Project Description The broad objective of this proposal is to understand the mechanism of genetic recombination and its relationship to chromosome maintenance in both Bacteria and Eukarya. Our approach is to reconstitute increasingly more complex reactions that recapitulate steps of the recombination process, using purified proteins from Escherichia coli and from Saccharomyces cerevisiae, and using sophisticated biochemical and biophysical methods of analysis, which include single-molecule imaging.
The specific aims of this proposal are divided along two broad aims. The first set of aims describes our ongoing efforts to mechanistically understand the steps of E. coli recombination in vitro.
This aim i ncludes studies on the function of RecN protein;the mechanism of the DNA homology search by RecA;and the processing of double Holliday junctions. The second major aim is to continue to biochemically reconstitute the processes that comprise recombination in S. cerevisiae.
This aim i ncludes studies of the function of the chromatin remodelers;the coupling of DNA resection to DNA pairing;and the mechanism of the DNA homology search by Rad51.

Public Health Relevance

The broad objective of this proposal is to understand the mechanism of genetic recombination and its relationship to chromosome maintenance in both Bacteria and Eukarya. In doing so, we hope to understand universal principles that underpin the molecular events which comprise recombinational DNA repair. Mutations in many human analogs or orthologs of the proteins being studies here (e.g., BLM, BRCA2, MRN complex, and the RAD51 paralogs) give rise to defective recombinational DNA repair, chromosomal instability, and predisposition to cancers, as well as to hematological malignancies, bone marrow failure, and developmental abnormalities in Fanconi's anemia. We expect that our experiments will continue to both inform and provide new insight into how these proteins cooperate to repair broken DNA.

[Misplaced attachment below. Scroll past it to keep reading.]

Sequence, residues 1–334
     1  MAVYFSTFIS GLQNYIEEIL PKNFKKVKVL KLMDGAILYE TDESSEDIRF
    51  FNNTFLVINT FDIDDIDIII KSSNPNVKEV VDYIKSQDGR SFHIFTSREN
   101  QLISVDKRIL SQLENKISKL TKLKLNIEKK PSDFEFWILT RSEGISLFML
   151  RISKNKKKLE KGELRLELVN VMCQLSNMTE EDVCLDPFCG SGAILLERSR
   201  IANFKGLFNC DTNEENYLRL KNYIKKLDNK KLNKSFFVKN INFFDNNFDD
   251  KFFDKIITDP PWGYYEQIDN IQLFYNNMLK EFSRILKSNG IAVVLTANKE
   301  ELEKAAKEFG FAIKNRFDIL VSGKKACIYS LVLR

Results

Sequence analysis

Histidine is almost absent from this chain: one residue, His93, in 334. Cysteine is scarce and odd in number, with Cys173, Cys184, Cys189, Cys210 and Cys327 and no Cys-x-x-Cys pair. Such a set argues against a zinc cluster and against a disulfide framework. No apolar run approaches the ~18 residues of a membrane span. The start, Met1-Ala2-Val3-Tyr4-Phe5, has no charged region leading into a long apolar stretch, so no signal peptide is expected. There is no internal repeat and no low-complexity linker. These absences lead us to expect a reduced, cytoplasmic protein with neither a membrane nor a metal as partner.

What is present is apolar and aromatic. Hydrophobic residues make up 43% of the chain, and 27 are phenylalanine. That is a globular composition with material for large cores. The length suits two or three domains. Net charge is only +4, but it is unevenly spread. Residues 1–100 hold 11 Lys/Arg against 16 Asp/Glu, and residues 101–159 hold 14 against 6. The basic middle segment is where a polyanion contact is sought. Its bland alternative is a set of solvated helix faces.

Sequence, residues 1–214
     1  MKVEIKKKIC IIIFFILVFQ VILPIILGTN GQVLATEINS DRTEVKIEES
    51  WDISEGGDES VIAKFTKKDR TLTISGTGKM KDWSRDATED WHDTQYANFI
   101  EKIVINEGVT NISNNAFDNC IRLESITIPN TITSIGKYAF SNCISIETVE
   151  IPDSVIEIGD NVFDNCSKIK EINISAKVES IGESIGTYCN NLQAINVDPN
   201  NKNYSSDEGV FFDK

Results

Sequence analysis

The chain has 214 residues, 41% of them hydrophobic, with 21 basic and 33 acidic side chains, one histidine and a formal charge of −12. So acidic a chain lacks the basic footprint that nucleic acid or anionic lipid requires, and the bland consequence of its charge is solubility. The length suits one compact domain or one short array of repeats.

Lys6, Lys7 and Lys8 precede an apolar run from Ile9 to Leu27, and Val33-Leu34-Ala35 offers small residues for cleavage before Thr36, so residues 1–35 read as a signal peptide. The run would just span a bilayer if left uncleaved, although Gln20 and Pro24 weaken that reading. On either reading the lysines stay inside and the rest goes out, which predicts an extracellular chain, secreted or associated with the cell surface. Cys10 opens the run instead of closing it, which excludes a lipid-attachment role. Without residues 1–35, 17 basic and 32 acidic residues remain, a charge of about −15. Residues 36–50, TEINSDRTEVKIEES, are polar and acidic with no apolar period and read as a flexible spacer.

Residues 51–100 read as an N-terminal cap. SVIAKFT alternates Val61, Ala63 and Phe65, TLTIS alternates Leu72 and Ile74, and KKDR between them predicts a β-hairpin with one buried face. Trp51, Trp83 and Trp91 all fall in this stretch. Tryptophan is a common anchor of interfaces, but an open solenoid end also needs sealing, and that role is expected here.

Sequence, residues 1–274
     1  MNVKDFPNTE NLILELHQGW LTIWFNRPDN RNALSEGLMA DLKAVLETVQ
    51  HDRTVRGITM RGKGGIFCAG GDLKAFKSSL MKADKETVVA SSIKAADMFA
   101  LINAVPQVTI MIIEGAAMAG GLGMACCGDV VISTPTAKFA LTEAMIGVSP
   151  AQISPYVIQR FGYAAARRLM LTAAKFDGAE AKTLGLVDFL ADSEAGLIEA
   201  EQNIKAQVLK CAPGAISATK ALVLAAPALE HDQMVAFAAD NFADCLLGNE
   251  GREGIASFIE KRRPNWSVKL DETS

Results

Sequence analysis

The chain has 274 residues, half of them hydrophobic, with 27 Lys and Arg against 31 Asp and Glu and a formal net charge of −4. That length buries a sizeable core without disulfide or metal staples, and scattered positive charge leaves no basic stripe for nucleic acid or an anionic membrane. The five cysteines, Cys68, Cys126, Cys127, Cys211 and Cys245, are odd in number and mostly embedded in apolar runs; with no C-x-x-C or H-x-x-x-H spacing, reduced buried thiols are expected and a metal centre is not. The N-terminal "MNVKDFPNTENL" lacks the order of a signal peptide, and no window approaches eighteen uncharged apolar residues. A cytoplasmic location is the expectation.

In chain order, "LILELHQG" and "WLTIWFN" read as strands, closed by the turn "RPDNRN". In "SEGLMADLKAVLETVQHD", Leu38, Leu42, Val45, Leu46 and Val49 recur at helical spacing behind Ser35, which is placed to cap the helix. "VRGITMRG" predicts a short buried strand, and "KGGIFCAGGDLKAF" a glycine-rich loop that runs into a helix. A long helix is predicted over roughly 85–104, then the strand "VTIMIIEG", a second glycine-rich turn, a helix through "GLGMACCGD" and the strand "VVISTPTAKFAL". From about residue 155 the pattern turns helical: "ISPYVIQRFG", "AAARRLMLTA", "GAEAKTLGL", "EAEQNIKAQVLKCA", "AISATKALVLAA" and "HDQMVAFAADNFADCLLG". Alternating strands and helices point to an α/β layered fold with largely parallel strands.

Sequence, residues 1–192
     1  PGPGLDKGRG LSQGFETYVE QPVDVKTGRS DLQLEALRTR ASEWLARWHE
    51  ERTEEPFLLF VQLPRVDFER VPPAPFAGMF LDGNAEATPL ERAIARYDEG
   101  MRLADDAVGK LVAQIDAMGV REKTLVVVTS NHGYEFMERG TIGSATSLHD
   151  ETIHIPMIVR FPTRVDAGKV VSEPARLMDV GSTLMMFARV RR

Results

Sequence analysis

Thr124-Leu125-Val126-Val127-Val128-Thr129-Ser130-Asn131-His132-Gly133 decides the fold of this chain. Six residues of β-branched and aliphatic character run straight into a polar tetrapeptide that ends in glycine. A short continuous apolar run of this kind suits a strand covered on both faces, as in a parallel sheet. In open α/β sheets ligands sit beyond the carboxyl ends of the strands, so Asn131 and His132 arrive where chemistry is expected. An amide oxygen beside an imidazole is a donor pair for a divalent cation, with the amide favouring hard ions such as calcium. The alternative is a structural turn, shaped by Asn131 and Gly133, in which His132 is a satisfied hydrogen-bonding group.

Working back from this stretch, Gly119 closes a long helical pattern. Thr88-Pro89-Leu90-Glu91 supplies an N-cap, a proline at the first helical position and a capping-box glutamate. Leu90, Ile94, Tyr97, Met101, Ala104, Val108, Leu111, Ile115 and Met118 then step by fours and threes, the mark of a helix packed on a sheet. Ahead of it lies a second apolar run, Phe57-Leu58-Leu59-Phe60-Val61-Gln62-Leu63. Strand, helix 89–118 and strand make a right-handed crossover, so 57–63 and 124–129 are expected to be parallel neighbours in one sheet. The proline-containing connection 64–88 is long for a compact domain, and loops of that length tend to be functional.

National Institute of Health (NIH)
National Institute of General Medical Sciences (NIGMS)
Research Project (R01)
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Molecular Genetics A Study Section (MGA)
Program Officer
Janes, Daniel E
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University of California Davis
Schools of Medicine
United States
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Bocquet, Nicolas; Bizard, Anna H; Abdulrahman, Wassim et al. (2014) Structural and mechanistic insight into Holliday-junction dissolution by topoisomerase III? and RMI1. Nat Struct Mol Biol 21:261-8
Cannavo, Elda; Cejka, Petr; Kowalczykowski, Stephen C (2013) Relationship of DNA degradation by Saccharomyces cerevisiae exonuclease 1 and its stimulation by RPA and Mre11-Rad50-Xrs2 to DNA end resection. Proc Natl Acad Sci U S A 110:E1661-8
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Forget, Anthony L; Kowalczykowski, Stephen C (2010) Single-molecule imaging brings Rad51 nucleoprotein filaments into focus. Trends Cell Biol 20:269-76
Hilario, Jovencio; Kowalczykowski, Stephen C (2010) Visualizing protein-DNA interactions at the single-molecule level. Curr Opin Chem Biol 14:15-22
Cejka, Petr; Cannavo, Elda; Polaczek, Piotr et al. (2010) DNA end resection by Dna2-Sgs1-RPA and its stimulation by Top3-Rmi1 and Mre11-Rad50-Xrs2. Nature 467:112-6
Cejka, Petr; Plank, Jody L; Bachrati, Csanad Z et al. (2010) Rmi1 stimulates decatenation of double Holliday junctions during dissolution by Sgs1-Top3. Nat Struct Mol Biol 17:1377-82
Amitani, Ichiro; Liu, Bian; Dombrowski, Christopher C et al. (2010) Watching individual proteins acting on single molecules of DNA. Methods Enzymol 472:261-91

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